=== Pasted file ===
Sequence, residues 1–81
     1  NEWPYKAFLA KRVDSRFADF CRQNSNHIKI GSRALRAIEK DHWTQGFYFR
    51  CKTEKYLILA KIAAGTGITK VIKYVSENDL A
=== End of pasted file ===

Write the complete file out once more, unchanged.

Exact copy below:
Sequence, residues 1–81
     1  NEWPYKAFLA KRVDSRFADF CRQNSNHIKI GSRALRAIEK DHWTQGFYFR
    51  CKTEKYLILA KIAAGTGITK VIKYVSENDL A